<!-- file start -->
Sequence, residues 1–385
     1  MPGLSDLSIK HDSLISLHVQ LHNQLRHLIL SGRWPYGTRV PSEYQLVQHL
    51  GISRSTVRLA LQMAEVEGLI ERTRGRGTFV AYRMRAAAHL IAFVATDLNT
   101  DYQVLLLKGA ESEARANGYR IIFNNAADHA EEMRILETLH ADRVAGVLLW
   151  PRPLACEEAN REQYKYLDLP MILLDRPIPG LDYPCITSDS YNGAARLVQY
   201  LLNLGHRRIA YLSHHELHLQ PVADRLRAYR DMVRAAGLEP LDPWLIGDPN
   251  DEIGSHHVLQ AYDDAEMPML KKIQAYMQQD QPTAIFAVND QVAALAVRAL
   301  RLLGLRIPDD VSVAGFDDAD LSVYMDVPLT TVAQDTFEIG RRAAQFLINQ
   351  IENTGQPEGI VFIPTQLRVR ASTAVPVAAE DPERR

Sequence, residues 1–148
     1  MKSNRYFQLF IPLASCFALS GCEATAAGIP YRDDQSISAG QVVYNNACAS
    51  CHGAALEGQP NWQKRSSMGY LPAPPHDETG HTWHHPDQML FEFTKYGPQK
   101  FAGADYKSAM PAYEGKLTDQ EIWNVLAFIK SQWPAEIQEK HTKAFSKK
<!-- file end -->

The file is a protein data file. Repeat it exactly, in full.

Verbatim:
Sequence, residues 1–385
     1  MPGLSDLSIK HDSLISLHVQ LHNQLRHLIL SGRWPYGTRV PSEYQLVQHL
    51  GISRSTVRLA LQMAEVEGLI ERTRGRGTFV AYRMRAAAHL IAFVATDLNT
   101  DYQVLLLKGA ESEARANGYR IIFNNAADHA EEMRILETLH ADRVAGVLLW
   151  PRPLACEEAN REQYKYLDLP MILLDRPIPG LDYPCITSDS YNGAARLVQY
   201  LLNLGHRRIA YLSHHELHLQ PVADRLRAYR DMVRAAGLEP LDPWLIGDPN
   251  DEIGSHHVLQ AYDDAEMPML KKIQAYMQQD QPTAIFAVND QVAALAVRAL
   301  RLLGLRIPDD VSVAGFDDAD LSVYMDVPLT TVAQDTFEIG RRAAQFLINQ
   351  IENTGQPEGI VFIPTQLRVR ASTAVPVAAE DPERR

Sequence, residues 1–148
     1  MKSNRYFQLF IPLASCFALS GCEATAAGIP YRDDQSISAG QVVYNNACAS
    51  CHGAALEGQP NWQKRSSMGY LPAPPHDETG HTWHHPDQML FEFTKYGPQK
   101  FAGADYKSAM PAYEGKLTDQ EIWNVLAFIK SQWPAEIQEK HTKAFSKK